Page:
Postby mrinku » 13 Jun 2014, 15:42

Victrix are working on them, but only announced that a couple of months ago. The 3D model masters they showed were definitely works in progress, so I think it's more a case of the project being in the stage where there's not actually much to show.

British, French, German and Russians would be my first four, with Turks, Austrians and Italians as a second wave (and in that order). Yanks are not even on the table until very late war. Some engineers ended up fighting at Cambrai in Nov-Dec 1917, but the first campaign proper with American combat troops engaged was the Somme defensive in March 1918.
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Re: WW1

Postby Luoshangzhi » 14 Jun 2014, 01:14

Lonnie wrote:I think the 4-boxes are a pretty good idea but what about the Russians? Also, there was some pretty distinct variations in uniforms/helmets from war's beginning to end, if I'm not mistaken. Artillery? No. Not unless we were making 15mm (and we're not making 15mm WWI). Mortars and HMG's, yes. Tanks? Probably.

However ('cause there's always a 'however') I was under the impression that other companies were taking on WWI in plastic and frankly, I'd rather concentrate our efforts on our Apocalypse ranges than divert our limited resources.



I would suggest (1) the battles of 1918 on the Western Front as a starting point of focus, as (2) beginning with the Kaiserschlact/Operation Michael until the Armistice the fighting became increasingly fluid, (3) all the latest technology of war was in widespread enough use including light automatic weapons in all the major combatant forces, (4) 28mm figures are idea for playing out skirmish battles at the tactical level which is (5) where a great deal of the action was to be found in 1918 especially when the Stosstruppen were on the attack and later as was already pointed out the U.S. Marines in Belleau Wood along with the doughboys in the Meuse-Argonne offensives.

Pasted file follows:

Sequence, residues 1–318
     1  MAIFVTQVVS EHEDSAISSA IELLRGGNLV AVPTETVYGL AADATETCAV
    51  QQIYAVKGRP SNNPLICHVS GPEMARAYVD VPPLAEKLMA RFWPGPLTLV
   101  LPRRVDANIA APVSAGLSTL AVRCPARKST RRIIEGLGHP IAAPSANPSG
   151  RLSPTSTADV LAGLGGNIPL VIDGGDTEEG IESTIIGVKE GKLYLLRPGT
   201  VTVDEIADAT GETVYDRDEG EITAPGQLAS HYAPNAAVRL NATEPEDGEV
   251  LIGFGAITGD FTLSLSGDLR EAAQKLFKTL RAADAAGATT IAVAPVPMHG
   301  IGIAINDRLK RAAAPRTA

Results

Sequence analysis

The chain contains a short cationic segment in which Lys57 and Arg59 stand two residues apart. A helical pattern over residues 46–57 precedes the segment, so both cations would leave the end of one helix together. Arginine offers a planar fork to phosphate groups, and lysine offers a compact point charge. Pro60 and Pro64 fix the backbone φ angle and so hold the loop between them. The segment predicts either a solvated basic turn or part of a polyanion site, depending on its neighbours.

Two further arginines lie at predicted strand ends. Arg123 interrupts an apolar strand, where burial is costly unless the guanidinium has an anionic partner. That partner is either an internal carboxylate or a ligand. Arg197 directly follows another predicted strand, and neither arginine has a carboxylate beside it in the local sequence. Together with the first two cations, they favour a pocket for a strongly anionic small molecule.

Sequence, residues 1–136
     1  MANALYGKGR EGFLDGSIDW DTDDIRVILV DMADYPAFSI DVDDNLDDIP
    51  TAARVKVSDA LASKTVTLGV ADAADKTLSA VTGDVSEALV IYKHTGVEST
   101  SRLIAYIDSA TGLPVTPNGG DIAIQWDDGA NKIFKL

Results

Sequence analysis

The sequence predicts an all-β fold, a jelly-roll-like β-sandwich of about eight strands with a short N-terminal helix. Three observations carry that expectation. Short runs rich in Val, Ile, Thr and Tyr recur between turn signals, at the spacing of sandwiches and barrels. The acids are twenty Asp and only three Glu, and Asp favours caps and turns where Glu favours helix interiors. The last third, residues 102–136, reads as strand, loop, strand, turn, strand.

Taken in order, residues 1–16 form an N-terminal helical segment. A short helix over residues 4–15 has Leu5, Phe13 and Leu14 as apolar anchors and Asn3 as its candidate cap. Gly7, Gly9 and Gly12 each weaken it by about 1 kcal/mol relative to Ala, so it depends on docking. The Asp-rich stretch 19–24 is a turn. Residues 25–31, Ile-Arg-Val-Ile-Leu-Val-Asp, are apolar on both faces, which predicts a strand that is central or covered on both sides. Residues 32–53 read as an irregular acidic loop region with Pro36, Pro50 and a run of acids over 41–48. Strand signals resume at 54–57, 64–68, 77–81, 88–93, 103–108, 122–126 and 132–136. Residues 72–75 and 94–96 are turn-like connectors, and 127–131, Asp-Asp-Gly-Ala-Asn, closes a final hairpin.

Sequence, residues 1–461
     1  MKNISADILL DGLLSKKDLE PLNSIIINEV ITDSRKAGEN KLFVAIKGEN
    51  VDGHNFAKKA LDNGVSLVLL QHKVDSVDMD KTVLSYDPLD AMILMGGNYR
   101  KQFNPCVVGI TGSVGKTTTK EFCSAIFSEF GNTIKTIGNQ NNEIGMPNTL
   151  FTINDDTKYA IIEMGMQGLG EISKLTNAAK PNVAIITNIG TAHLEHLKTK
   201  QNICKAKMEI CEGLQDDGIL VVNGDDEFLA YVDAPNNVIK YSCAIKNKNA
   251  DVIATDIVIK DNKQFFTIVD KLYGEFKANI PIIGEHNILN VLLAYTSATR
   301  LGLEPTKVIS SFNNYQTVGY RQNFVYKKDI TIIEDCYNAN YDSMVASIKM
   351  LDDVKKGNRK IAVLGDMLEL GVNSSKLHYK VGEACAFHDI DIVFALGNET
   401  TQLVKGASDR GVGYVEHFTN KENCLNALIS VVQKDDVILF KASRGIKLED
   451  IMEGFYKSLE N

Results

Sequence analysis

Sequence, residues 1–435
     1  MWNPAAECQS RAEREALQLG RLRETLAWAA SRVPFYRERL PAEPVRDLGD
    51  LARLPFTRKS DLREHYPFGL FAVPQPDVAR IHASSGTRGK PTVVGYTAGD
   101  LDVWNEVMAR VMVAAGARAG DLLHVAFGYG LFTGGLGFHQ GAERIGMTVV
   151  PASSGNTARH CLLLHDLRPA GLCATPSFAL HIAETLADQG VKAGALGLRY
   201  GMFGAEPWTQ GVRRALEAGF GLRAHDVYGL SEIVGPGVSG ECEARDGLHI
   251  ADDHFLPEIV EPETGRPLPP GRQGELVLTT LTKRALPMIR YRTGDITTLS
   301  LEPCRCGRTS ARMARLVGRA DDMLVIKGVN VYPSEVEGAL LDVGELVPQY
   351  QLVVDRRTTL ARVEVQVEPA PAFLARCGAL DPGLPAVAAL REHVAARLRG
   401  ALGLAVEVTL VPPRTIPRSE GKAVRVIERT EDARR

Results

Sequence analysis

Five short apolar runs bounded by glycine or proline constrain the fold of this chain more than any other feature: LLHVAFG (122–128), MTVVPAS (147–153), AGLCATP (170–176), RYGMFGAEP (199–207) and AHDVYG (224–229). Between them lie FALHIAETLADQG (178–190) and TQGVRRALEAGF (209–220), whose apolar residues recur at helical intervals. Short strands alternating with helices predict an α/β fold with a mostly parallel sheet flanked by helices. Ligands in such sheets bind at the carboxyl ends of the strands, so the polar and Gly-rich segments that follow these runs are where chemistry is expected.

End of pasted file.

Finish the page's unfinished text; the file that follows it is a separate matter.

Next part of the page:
German stosstruppen, British infantry, AEF doughboys, and French infantry would be ideal IMHO, with each set containing a light automatic weapon (Lewis for the British and German stosstruppen, Chauchat for the French and Americans), grenades, MP18 for the Germans, flamethrowers for the Germans and French, perhaps a Stokes-Brandt mortar for the British or a Vickers machine gun, plus the appropriate rifles, entrenching tools, etc. Troops should be in assault order, which means lighter kit so less 3D design sculpting time and effort I suspect (and faster painting time for the end users). Heavy machine guns would be a must of the line takes off in earnest. This would mean the Vickers for the British if they don't have one in their initial set, the Spandau for the Germans, and the Hotchkiss M1914 for the French and Americans.

In 1918 the Allies would have the French Renault FT-17 and British Whippet Medium A in service in growing numbers. A British heavy tank would make for a spectacular kit in 28mm hard plastic. The Germans would counter these with the T-gewehr 13mm anti-tank rifle and bundled grenades, and the very first dedicated anti-tank gun:


Image

French and American forces would have access to the 37mm 18SA trench gun. The light mortar would be in service in all four of these armies.
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Re: WW1

Postby Lonnie » 14 Jun 2014, 05:24

I concede that a light field gun for use in anti-tank role would be appropriate. If we did tanks, I'd have the first tank be the Renault FT char d'assaut Light Tank (with a figure of George S. Patton riding on the back as an option) 'cause I'm an American and, everyone knows, we won the war. :twisted:
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Re: WW1

Postby Butty » 14 Jun 2014, 06:01

Lonnie wrote:I concede that a light field gun for use in anti-tank role would be appropriate. If we did tanks, I'd have the first tank be the Renault FT char d'assaut Light Tank (with a figure of George S. Patton riding on the back as an option) 'cause I'm an American and, everyone knows, we won the war. :twisted:


You have been watching too many movies Lonnie, :lol: :lol: